I don’t like being told what to think. Being told what to think makes me feel worthless. It makes me feel like I’m subscribed to an orthodoxy. I presume this is how religious tribes work. They teach you what to believe in, and if for some reason your convictions run contrary to its teaching, you suddenly become an enemy. I’m afraid Universities function in a very similar manner. In fact, at University you not only become an enemy to the leftist orthodoxy, but you also automatically become a member of a radical right wing group.
Take for instance what happened with Lindsey Shepard in 2017. She was reprimanded for playing a video showing a debate over gender pronouns. She later become labelled as a member of a right wing group. Many people believed she was apart of a white supremacy movement on campus. It was sad seeing her be straw-manned. In a tweet, she confirmed her political stance.
Lindsey Shepard, along with so many other students, simply want to challenge the status quo. Just because they question the notion of white privilege doesn’t mean they’re white supremacists. Similarly, just because a Professor teaches her students that there are differences in physical ability between men and women doesn’t categorize her as a sexist. I suspect many people understand the difference. It’s not that difficult. Why is it, then, that we continue to see this problem slowly reaching its peak?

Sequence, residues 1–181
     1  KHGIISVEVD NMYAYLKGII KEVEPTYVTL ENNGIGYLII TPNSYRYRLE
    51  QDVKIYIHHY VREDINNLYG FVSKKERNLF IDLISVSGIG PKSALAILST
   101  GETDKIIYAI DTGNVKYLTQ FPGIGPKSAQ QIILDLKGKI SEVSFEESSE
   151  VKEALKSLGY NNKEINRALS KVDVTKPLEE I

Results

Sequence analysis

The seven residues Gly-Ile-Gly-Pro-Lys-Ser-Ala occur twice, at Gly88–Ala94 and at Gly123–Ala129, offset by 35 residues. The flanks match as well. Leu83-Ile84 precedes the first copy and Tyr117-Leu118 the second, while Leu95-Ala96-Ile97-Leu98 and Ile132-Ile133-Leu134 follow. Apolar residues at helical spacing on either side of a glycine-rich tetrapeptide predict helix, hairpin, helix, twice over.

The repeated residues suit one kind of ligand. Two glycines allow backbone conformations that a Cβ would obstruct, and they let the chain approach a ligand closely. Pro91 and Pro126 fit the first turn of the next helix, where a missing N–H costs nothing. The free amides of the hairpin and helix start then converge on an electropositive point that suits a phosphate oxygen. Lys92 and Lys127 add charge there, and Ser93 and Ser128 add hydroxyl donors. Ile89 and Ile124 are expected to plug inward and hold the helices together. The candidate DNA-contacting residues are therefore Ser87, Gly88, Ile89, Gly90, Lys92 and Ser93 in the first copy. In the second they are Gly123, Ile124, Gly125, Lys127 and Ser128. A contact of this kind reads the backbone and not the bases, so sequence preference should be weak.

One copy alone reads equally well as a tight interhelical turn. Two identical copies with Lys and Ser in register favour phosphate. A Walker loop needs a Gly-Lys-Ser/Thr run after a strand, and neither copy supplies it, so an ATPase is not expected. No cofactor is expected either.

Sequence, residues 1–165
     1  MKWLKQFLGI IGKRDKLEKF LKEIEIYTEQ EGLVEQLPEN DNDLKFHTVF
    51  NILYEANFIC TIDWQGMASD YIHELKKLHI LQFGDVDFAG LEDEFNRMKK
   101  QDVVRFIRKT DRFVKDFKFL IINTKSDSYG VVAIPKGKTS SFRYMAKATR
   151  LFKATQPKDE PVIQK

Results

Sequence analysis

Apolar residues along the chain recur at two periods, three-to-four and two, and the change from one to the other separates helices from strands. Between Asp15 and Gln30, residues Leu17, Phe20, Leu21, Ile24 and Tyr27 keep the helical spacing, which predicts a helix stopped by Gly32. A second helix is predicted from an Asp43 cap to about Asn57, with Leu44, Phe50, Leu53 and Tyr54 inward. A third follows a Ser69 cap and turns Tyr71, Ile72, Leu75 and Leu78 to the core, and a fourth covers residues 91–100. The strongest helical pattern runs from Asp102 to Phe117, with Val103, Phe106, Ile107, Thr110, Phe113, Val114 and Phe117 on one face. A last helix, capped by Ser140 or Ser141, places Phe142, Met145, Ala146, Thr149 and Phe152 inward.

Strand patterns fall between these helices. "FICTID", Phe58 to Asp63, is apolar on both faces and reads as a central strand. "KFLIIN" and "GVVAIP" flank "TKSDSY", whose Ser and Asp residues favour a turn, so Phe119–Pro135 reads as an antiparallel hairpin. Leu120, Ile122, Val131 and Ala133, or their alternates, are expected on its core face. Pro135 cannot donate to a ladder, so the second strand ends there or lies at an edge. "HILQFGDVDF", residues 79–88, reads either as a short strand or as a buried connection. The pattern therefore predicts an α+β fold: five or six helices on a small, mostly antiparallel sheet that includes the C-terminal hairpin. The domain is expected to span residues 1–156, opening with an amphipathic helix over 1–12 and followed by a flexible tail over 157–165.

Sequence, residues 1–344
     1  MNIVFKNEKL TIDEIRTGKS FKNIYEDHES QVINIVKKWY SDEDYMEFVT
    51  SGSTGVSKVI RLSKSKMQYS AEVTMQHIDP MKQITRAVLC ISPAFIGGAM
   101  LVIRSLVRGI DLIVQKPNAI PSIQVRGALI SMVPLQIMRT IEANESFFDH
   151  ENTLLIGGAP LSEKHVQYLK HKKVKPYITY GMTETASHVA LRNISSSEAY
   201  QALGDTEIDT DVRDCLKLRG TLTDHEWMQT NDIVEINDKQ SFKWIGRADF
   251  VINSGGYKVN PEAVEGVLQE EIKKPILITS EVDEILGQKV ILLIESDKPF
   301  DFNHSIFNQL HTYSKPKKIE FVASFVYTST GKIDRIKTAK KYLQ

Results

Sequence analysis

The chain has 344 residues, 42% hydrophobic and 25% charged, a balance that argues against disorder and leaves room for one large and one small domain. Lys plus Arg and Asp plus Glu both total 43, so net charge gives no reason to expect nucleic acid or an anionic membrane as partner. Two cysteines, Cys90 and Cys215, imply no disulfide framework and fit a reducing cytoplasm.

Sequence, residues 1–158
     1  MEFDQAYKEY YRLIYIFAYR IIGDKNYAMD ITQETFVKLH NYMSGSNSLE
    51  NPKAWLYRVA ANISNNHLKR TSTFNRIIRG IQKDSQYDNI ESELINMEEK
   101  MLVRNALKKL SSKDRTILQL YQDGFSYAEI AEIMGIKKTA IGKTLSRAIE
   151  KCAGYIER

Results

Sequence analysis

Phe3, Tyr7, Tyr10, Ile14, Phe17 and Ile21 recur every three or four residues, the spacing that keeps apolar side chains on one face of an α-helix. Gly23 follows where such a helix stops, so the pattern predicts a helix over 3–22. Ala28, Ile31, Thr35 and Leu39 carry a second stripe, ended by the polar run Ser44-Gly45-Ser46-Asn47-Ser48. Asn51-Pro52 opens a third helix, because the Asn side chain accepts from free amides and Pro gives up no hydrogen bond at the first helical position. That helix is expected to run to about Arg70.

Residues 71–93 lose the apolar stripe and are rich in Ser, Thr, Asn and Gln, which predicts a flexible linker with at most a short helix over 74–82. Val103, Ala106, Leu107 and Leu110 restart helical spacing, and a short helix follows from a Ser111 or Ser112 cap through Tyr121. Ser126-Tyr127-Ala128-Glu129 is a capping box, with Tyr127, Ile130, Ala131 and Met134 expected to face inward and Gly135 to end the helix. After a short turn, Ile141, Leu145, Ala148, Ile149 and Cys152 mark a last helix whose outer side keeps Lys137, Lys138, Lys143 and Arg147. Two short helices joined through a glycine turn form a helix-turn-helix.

Jonathan Haidt, a social psychologist and Professor at New York University says that there is prestige to be gained by identifying others for being racist, misogynist, and so on. When someone is rewarded for this nefarious behaviour, it becomes contagious. That is, it becomes sort of like a game to see who could identify the most divisive people on campus. This needs to stop. This game is currently going undetected on campus. And perhaps that’s a result of the hegemonic ruling class of the left. If we continue to let students and Professors accumulate personal gain by misrepresenting innocent students, I predict it’ll eventually lead to unintended consequences.
It’s highly possible that these students erupt with frustration to subscribe to these alt-right groups involuntarily. Becker’s labelling theory shows that those who are labelled as “deviant” leads a person to engage in deviant behaviour. But worse of all, my biggest concern is that we’ll have educational institutions that under educate our students. How do students learn if they’re afraid to question? Or better yet, how do students engage in discovering the truth when they are coerced into radical groups? Isn’t it instinctual to just keep quiet to avoid this trouble?
I, for one, won’t be trapped in a soundproof box. I’m confident many other students won’t as well. However, there are a small group of students who will. People are using “misrepresentation” as a ploy to suppress intellectual discourse. If we don’t solve this perplexing problem, this small group of students will grow into an indoctrinated student body. What’s the point of enrolling in University when we are taught what to think, instead of how to think?
By Vinu Selvaratnam
The views expressed in this article are my own and does not represent any institution.